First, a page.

STATEMENT ON GEORGE FLOYD
The protests that are occurring in the U.S., Canada, and across the globe in response to the murder of George Floyd at the hands of 4 Minneapolis police officers, has become a clarion call for all people to mobilize against racial injustices. The video which captured the blatant murder of Mr. Floyd, has been viewed by millions across the globe. It has become a chilling reminder of the level of oppression and brutality that Black bodies have continuously experienced for generations.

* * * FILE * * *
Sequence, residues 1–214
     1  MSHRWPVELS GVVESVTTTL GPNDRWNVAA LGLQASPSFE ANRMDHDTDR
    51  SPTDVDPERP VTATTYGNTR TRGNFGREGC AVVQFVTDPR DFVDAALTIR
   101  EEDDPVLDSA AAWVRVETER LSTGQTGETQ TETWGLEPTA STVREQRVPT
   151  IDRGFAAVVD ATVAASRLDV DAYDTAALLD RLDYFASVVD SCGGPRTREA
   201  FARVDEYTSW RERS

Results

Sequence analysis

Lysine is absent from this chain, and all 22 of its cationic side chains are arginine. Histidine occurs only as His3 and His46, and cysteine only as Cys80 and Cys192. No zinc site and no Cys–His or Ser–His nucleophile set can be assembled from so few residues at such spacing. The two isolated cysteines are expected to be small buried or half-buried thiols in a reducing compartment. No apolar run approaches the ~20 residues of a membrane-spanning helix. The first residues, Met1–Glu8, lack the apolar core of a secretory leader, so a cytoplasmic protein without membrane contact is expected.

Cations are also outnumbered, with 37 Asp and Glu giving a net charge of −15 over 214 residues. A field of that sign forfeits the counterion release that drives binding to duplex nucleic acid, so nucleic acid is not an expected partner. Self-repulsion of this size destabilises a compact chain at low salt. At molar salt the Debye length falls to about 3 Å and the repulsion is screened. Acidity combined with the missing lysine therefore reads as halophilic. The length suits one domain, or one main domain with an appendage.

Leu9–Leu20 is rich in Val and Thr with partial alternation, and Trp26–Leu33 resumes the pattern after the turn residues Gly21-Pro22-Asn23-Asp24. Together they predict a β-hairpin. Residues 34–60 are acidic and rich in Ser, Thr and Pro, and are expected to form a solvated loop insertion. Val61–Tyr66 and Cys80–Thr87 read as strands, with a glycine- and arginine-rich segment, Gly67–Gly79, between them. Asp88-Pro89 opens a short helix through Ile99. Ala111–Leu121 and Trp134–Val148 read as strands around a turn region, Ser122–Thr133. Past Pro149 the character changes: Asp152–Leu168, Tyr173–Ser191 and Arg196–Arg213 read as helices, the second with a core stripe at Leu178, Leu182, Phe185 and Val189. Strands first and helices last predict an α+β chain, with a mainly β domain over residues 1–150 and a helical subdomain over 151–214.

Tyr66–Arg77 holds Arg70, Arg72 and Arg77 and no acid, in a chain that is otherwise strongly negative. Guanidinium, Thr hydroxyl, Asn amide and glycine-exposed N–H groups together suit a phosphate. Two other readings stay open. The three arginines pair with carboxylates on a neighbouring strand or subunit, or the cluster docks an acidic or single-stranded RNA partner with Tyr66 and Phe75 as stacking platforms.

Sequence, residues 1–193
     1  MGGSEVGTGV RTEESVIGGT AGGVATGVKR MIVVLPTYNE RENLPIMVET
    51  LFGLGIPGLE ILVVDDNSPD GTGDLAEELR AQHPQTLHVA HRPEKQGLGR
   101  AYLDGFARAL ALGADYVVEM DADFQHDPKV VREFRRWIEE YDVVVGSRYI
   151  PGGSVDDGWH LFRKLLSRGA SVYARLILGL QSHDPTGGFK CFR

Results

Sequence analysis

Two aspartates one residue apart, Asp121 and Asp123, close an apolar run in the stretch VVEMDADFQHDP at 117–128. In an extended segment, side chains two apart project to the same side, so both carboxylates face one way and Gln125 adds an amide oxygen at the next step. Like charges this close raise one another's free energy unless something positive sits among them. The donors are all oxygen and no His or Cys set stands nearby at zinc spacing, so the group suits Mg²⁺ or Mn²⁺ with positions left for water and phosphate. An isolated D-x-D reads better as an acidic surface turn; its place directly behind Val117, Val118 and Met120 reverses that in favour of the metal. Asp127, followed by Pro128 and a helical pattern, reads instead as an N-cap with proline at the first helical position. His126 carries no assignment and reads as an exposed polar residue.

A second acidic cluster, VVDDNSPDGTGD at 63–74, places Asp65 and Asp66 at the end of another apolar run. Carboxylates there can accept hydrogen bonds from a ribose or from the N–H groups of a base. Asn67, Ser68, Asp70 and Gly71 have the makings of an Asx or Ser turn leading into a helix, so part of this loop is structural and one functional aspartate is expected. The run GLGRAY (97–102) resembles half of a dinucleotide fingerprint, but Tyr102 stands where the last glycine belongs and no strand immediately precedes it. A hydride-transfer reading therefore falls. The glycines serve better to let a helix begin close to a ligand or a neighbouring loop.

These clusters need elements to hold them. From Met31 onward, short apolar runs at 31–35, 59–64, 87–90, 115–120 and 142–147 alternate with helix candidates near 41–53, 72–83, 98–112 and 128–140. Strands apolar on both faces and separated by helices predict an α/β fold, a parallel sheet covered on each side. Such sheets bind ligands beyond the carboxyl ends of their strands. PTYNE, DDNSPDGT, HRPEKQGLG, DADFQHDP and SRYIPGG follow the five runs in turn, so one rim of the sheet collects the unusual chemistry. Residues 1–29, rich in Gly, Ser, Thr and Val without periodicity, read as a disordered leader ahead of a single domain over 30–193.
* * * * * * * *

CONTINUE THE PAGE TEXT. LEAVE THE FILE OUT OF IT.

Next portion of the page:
However, even at this moment as many in the world are loudly proclaiming “Black Lives Matter”, we would be remiss if we did not point out that Black communities have been shouting and protesting loudly for hundreds of years about the level of micro, macro aggressions and violence that Black people have experienced in the daily course of life. Throughout the school systems within Canada, Black children are emotionally and psychologically brutalized and their educational needs often unmet. Black males and females experience varying forms of racism in their daily trek to work or school and members of our Black LGBTQ communities have been forced to shuttle back and forth between the multiple marginal positions that mark their reality.